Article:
NC Gun Owners Push Republican Lawmakers to Pass Constitutional Carry

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Today is the opening day of the legislative session in North Carolina, and 2A group Grassroots NC has one major priority for the GOP supermajority in both chambers: pass Constitutional Carry. 


Grassroots NC head Paul Valone was in Raleigh today alongside a crowd of fellow Second Amendment activists to deliver a petition to Senate President Phil Berger to advance Constitutional Carry legislation, which passed the House last year. Under North Carolina's two-year session, if the bill fails to become law this year the process starts all over again, but Berger has been unreceptive to making more changes after the legislature repealed the state's permit-to-purchase law in 2023. 

Last year, Berger told Raleigh’s News & Observer that after disposing of the pistol purchase permitting issue, he didn’t know if there was “any need for us to delve into additional issues dealing with guns and people’s Second Amendment rights.”

The bill allowing constitutional concealed carry was removed from the calendar before a floor vote and returned to committee.

More than 6,000 people have signed a petition urging lawmakers to give “prompt consideration” to House Bill 189 the “Freedom to Carry NC Act.” The legislation as written would allow citizens who are at least 18 years old to carry concealed handguns in the state of North Carolina without a permit, after completing an approved firearms safety and training course.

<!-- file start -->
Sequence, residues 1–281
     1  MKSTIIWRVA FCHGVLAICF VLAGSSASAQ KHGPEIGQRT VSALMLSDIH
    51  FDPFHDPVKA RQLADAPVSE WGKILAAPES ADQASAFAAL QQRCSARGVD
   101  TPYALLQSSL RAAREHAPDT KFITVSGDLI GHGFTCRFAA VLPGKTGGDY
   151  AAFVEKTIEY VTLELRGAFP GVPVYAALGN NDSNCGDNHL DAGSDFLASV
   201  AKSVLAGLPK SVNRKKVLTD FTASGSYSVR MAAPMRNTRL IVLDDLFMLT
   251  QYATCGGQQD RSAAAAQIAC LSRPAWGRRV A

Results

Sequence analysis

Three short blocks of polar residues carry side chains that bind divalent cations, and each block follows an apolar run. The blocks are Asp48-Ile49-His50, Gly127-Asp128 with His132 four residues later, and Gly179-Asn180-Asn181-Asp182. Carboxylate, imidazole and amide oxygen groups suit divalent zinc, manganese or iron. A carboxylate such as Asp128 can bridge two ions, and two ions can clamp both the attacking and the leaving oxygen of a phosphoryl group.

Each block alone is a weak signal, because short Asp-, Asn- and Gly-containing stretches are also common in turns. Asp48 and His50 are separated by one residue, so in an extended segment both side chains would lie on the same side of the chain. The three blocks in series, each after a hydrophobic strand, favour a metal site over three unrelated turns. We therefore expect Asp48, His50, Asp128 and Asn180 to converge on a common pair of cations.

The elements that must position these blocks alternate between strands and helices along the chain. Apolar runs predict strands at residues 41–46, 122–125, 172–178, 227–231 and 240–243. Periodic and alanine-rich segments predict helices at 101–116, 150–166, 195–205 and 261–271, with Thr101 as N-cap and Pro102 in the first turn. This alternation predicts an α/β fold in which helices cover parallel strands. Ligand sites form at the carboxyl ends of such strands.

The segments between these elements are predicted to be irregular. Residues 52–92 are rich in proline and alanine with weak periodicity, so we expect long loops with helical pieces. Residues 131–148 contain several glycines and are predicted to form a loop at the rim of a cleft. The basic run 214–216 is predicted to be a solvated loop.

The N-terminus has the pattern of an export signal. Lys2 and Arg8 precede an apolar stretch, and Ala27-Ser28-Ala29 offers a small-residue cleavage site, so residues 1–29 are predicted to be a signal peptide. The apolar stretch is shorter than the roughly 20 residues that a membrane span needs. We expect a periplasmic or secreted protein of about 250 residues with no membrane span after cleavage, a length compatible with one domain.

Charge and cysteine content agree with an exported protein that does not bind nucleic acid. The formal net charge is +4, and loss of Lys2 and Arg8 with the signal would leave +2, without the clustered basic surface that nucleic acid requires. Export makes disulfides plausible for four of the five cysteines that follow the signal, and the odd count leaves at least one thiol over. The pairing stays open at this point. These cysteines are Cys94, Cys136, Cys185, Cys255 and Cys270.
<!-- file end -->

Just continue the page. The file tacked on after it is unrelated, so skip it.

A copy of the online petition reminds legislative leaders that “Second Amendment voters were in large part responsible for wins in the 2022 elections which gave Republicans the supermajorities needed to override a veto by Governor Roy Cooper.”

GRNC notes that 29 states have passed some form of constitutional concealed carry. They are hopeful North Carolina becomes the 30th state.


On paper, anyway, the votes are there. Republicans have a veto-proof majority in both the House and Senate, so even if Democratic Gov. Roy Cooper were to veto the bill (which would almost certainly be the case), if the GOP caucus sticks together they can override his rejection. I suspect that the bill's sponsors might even be able to get a couple of Democrats on board as well, but all that depends on Berger and Senate leadership agreeing to move the bill in an election year. 

Berger might prefer to keep the status quo in place until after the election, but there's no guarantee that Republicans will be able to keep that veto-proof majority intact, and there's a good chance that Cooper will be replaced by Attorney General Josh Stein, who's running for governor against Republican Lt. Gov. Mark Robinson. Is there a chance that the political landscape will be more favorable next year? Sure, but there's also a distinct possibility that passing Constitutional Carry over the objections of the governor will be impossible. It makes more sense to run the bill now, at least from a Second Amendment-supporting perspective. 

Constitutional Carry is already the law of the land in more than half the country, so it's not like North Carolina would be setting off into uncharted territory if it recognizes that our rights don't generally take a permission slip from the government before we can exercise them. Berger should give North Carolina gun owners a great reason to vote for Republican candidates this fall, and "look what we did this session" is a much better pitch than "wait until next year".


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